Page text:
Reader Comments on Aardvark Daily 26 March 2002
Note: the comments below are the unabridged
submissions of readers and do
not necessarily reflect the opinions of the publisher.
From: NonGuru For : The Editor (for publication) Subj: Recipient unknown According to your column, mail sent toHit Reload For Latest Comments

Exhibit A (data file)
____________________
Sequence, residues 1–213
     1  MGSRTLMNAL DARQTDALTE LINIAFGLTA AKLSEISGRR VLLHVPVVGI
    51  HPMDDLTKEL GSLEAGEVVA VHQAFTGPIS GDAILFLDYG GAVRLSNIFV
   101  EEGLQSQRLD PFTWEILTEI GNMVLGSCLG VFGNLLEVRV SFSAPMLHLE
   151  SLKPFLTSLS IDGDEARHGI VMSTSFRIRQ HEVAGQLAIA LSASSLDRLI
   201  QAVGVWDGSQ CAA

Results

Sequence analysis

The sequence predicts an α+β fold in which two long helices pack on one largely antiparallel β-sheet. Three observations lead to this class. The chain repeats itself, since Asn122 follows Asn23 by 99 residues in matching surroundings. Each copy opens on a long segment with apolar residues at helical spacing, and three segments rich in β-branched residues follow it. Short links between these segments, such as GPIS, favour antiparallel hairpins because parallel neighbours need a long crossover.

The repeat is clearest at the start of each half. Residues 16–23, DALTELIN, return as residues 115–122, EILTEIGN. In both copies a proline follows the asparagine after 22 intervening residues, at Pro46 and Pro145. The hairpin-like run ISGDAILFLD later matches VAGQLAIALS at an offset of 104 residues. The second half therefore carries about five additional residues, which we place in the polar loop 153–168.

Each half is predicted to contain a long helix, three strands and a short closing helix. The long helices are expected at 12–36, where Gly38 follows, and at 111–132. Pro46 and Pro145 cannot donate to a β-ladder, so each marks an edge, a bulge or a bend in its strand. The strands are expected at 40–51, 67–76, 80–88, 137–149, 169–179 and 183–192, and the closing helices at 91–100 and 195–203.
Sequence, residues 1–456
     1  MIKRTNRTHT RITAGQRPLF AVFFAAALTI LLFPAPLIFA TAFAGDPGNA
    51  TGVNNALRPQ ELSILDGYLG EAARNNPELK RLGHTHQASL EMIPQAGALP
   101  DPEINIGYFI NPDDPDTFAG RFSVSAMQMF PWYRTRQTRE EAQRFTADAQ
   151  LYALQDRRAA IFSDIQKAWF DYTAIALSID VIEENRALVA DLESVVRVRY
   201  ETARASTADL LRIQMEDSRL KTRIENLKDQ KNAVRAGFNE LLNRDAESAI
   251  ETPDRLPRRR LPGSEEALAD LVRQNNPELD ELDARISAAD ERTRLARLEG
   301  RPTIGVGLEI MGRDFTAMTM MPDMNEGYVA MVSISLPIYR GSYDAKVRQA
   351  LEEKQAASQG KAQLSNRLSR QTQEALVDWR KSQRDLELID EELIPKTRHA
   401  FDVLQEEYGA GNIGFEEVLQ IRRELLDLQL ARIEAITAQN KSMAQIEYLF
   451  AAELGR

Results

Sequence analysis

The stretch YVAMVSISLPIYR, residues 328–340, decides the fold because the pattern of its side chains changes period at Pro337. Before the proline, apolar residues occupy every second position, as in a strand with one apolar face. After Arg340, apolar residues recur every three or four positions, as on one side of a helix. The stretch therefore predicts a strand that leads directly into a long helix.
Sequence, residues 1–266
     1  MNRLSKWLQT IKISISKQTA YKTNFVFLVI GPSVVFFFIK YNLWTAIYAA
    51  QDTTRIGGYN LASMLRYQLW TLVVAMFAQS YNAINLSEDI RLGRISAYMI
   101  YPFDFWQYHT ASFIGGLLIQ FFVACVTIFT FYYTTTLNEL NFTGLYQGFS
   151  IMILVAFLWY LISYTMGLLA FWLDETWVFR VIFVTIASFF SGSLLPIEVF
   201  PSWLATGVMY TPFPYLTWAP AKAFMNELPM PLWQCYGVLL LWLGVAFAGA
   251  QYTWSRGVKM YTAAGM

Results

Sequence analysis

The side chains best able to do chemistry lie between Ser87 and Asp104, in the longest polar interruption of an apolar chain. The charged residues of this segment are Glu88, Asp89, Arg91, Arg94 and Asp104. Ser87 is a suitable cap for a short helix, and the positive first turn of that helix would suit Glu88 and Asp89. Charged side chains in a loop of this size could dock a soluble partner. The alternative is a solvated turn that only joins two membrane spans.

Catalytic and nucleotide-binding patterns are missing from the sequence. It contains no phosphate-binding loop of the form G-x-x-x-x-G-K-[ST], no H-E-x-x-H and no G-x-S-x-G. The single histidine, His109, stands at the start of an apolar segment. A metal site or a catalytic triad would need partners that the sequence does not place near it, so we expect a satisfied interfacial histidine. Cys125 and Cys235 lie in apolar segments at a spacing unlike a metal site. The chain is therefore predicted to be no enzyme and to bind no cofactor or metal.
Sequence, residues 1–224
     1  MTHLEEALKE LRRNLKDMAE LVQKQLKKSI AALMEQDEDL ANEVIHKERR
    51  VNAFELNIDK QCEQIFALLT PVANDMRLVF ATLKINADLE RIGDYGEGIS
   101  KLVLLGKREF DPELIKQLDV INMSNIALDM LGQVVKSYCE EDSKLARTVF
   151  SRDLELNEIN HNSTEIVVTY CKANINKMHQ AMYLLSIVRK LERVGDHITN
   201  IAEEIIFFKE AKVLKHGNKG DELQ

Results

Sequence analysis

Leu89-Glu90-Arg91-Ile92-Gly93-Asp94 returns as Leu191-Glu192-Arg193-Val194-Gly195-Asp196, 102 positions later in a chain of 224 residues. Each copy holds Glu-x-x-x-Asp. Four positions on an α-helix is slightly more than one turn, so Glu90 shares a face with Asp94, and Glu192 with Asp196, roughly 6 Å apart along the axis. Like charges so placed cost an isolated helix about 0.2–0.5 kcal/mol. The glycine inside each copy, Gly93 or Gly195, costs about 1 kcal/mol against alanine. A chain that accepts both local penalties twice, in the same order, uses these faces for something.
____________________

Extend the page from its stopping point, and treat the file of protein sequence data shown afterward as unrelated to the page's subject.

bounced. As well it should -- govt.nz is a second-level domain, analogous to co.nz. Presumably the mail should have been sent to <email@example.com>, indicating a specific destination domain Aardvark responds This is a tricky one. Note that the first returned email made reference to the address "firstname.lastname@example.org" and also note that the government's main website is at www.govt.nz which (perhaps eroneously) suggests that govt.nz is being used as a valid domain. From: Stuart For : The Editor (for publication) Subj: DSL pricing Now, according to computerworld, Telecom is introducing new, fast dsl which suits businesses; adsl is apparently "more suited for residential access". So, does this mean we can expect price drops or quota increases in jetstream? Or is that too much to hope for? From: anonymous For : Anonymous Tipoffs Subj: (none) As a current XTRA employee I can say that the post made by that person to Slashdot is based partly in fact, partly in misinformation. Fact: XTRA allocates a smaller pool of bandwidth (separate from it's main pool) for ports commonly used by P2P applications. Fiction: Running out of IP addresses. Absolutely not true. There are issues with Microsoft Operating systems not understanding .0 or .255 address's when these have been allocated, we are correcting these issues. DSL Network Outages: The Xtra ADSL (or Velocity) network is tightly integrated into our core. Thus any ADSL specific outages will almost certainly occur at Telecom's end. If an outage affected XTRA ADSL customers for example, it would almost certain impact all customers connecting to our network. I work closely with the helpdesk, and they have never, ever been told or asked to lie about these issues. The reason the P2P sharing issue was confused, was due to a breakdown in communications between management and technical. Bad yes, big conspiracy no. From: abu For : The Editor (for publication) Subj: Recipient unknown maybe the government has registered a domain name www.govt.nz? like www.co.nz is also a valid url. also, from most emails that i have received, the format looks like: Name <email@example.com>, so Postmaster@govt.nz (firstname.lastname@example.org) would indicate the person is Postmaster at govt.nz, and the email address is email@example.com. From: Richard For : The Editor (for publication) Subj: Recipient unknown... abu said: ----- Postmaster@govt.nz (firstname.lastname@example.org) would indicate the person is Postmaster at govt.nz, and the email address is email@example.com. ----- Not quite true - Anything in parentheses (the curved brackets) is defined in the RFC as a comment. This is an older address form (now deprecated - RFC 2822, section 3.4), equivalent to firstname.lastname@example.org <Postmaster@govt.nz> This indicates that the address is, in fact, Postmaster@govt.nz. In short, DSW has a rather badly configured mail server. From: Ian For : The Editor (for publication) Subj: Government postmasters In answer to the questions posed yesterday by nonguru and abu, I replied to the attachment denial message I received by clicking the reply button, and the message was "sent" to email@example.com because that was Netscape Communicator determined was the address to which replies should be sent. I cannot be answerable for how the Government sets up its autoresponders, or indeed for their spelling of attachment ("attachement") in a part of the message Bruce omitted. From: Matthew Poole For : The Editor (for publication) Subj: umm, who's confused here? Your anonymous informat says: "Fiction: Running out of IP addresses. Absolutely not true. There are issues with Microsoft Operating systems not understanding .0 or .255 address's when these have been allocated, we are correcting these issues." It may well be RFC permissible to assign addresses where the last octet is all 1s or all 0s, but many routers will drop packets to those addresses as they believe them to be broadcast or network (respectively) addresses. One also wonders why Xtra would be using supernets on assigned IP addresses, the only scenario in which .0 and .255 addresses could possibly be assignable.
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